“‘Exceed expectations’ is an overused expression with few who can document occasions when they actually did exceed expectations. Kristi Porter is one who can point to the work she did with the Atlanta Dream Center and accurately state that she exceeded all of our expectations. You will be well pleased with the results achieved by bringing Kristi onto your team.” - Mark Northcutt, Atlanta Dream Center

 



PIN THIS POST FOR LATER:

 After working on so many  events  over the years, both large and small, I believe there is a key factor we implemented during the event planning process that changed everything.So, if you're looking for event planning tips, this one's a doozy! Here's how to make your next event more successful than your last. (Hint: It's probably not what you think.)

 Kristi Porter, founder of Signify

I'm Kristi Porter, and I started Signify to provide writing, consulting and strategy services to nonprofits and for-profit organizations with a social mission, primarily through copywriting, marketing, and business communications. I believe that cause-focused organizations like yours are the future of business. You're proof that companies can both make money and do good. And I'm here to help you get noticed and grow. When you succeed, we all win.


Building an Audience of 8,000: Marketing Case Story

One year ago this week, I was still the Event Marketing Director at Orange, and we were hosting 8,000 of our closest family ministry friends for The Orange Conference 2016. People come from almost every state, about a dozen countries, and numerous denominations to attend this event each year. It's quite the undertaking, and though I worked on other events throughout the year, most of my time was spent on this 12-pound baby (really big, sometimes painful, but worth the labor).

If you aren't familiar with Orange, they create curriculum, resources, and events for church leaders and volunteers. They do a lot of really amazing things, and if I may say, they put on some great events!

As #OC17 starts today, I thought it would make a fantastic marketing case story for us to examine. 

 Photo Credit: The Orange Conference

Photo Credit: The Orange Conference

TWO SIDE NOTES

  1. If you'd like to watch the tonight's opening session on the live stream, visit Live.TheOrangeConference.com starting at 6:30 p.m. ET. This year's theme is "For Our Neighbors."

  2. I'm using the term "case story" because case studies are usually long, boring, and stuffed with stats. I wanted this to be a little less complicated and easy-going, so I'm utilizing that term, though I didn't create it. (I wish I had!)

GOALS

The major goals for the event are measured in:

  • Ticket sales, which include the current event and next year's pre-sales;

  • Product sales, which includes books, physical products, digital resources, lifestyle items, etc;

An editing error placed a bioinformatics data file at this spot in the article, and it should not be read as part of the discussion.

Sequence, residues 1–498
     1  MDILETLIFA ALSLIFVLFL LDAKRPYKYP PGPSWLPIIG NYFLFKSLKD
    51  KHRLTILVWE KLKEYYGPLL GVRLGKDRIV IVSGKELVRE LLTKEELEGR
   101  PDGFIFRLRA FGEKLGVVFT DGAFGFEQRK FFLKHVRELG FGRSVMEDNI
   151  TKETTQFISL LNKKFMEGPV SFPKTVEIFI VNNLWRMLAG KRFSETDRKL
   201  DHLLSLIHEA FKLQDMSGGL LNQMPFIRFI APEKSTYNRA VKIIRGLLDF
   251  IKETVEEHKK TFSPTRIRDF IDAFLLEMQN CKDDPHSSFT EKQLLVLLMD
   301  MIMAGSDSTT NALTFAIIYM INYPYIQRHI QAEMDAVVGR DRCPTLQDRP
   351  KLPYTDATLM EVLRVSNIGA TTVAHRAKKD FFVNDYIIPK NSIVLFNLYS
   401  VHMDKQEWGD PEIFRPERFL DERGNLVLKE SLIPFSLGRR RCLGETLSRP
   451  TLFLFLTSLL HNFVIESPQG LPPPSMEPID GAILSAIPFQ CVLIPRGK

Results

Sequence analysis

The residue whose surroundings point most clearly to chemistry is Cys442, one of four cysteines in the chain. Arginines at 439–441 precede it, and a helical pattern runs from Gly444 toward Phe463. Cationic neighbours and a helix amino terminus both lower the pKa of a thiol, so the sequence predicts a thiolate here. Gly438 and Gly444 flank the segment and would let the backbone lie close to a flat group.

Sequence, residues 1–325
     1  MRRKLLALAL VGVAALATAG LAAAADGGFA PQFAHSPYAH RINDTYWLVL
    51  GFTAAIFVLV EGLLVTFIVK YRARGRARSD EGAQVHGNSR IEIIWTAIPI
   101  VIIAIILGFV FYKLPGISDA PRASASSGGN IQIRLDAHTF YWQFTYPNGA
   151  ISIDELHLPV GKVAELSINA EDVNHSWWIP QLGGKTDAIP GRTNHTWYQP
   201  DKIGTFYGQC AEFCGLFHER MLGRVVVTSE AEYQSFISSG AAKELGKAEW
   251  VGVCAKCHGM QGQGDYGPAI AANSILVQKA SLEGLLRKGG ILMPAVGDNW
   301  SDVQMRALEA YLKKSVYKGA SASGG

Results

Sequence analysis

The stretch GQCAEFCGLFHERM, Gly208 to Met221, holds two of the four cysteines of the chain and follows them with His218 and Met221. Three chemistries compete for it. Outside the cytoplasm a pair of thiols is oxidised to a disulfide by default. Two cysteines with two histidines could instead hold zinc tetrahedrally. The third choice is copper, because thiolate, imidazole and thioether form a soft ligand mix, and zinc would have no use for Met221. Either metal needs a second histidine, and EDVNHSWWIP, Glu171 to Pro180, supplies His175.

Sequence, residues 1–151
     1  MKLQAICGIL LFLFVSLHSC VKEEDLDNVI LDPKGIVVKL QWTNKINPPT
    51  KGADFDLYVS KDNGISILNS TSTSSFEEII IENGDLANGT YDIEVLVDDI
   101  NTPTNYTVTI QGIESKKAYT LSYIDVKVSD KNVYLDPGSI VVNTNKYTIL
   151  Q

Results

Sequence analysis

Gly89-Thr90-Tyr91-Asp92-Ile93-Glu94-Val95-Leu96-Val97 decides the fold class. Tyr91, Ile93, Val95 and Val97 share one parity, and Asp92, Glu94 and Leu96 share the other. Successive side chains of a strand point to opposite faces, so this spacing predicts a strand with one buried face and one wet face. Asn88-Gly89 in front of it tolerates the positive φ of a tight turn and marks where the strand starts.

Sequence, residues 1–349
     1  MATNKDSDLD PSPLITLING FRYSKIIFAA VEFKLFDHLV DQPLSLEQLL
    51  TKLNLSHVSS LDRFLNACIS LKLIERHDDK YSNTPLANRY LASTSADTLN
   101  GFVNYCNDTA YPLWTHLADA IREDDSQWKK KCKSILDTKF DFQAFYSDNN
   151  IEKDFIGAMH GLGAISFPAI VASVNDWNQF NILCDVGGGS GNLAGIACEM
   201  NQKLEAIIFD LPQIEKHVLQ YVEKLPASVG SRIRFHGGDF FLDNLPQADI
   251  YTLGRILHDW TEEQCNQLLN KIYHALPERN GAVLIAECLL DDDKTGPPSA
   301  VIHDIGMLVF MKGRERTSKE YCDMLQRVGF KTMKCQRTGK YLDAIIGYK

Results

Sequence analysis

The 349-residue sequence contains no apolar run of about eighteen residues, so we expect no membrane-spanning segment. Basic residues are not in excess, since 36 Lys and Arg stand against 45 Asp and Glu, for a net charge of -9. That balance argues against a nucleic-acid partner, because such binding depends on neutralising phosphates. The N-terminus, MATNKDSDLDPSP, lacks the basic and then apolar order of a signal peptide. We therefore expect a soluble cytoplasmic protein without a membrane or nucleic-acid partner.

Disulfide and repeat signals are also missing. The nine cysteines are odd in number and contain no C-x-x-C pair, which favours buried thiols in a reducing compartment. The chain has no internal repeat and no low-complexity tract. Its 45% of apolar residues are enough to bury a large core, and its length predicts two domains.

• Social media metrics, which is tracked using a software;

  • Attendee satisfaction, which is assessed both through social media, comments the staff receives, and a post-event survey;

  • Next steps taken, which can include things such as lead cards filled out, emails given, downloads of the conference app, and things like that. Ideally, this is something you want attendees to do at your event to continue the engagement after it ends.

TACTICS

As you can imagine, an event of this size requires a lot of time and effort to promote. Here are the major ways we did that:

  • Internal email list including curriculum partners, previous attendees, and some partnership lists

  • Mailing list which includes the same as above, plus a purchased list.

  • Text system. We were able to send text messages throughout the year to those who opted to receive them.

  • Social media, mostly consisting of blog posts, Facebook, Twitter, Instagram, and SnapChat

  • Facebook ads

  • Ads on internal sites

  • A social media tool kit that our speakers, fans, and attendees could utilize to spread the word for us (which included both images and what to say)

  • A signature line in staff emails

  • Cross-promoting at other events, both Orange's and events where they had a booth

  • Blogger network consisting of bloggers who were Orange fans, across the US

  • Advertising on relevant blogs and websites

  • Print ads (Yes, those still work too!)

  • Press release

  • Partner e-blasts

  • Google Ads

STRATEGY

Yes, there are a boat load of items mentioned above, especially for those of you who are the only employee, or running the show with a small team. But again, all of these things occurred over a year's time. And many of them happened on a regular basis. There wasn't just one ad or one blog post or one mailer. 

The pricing for the event was broken into five major deadlines, including the pre-sales on-site at the current event. Prices, of course, increased as the event neared. This brought in early revenue and helped us plan. Additionally, these distinct time frames gave me windows of time in which to promote.

It's also very important to understand how your audience plans to spend their money. For example, we had two major deadlines to focus on: opening day and the February deadline. Opening day, of course, because we had the lowest prices and offered a bonus (early breakout registration) that was very desirable to our attendees. And everyone gets excited during an event launch. The February deadline was incredibly popular because many churches just had their budgets renewed with the calendar year, and we also offered curriculum credits, which enticed current and prospective curriculum partners. So, those two factors meant that I spent most of the marketing budget promoting those two deadlines.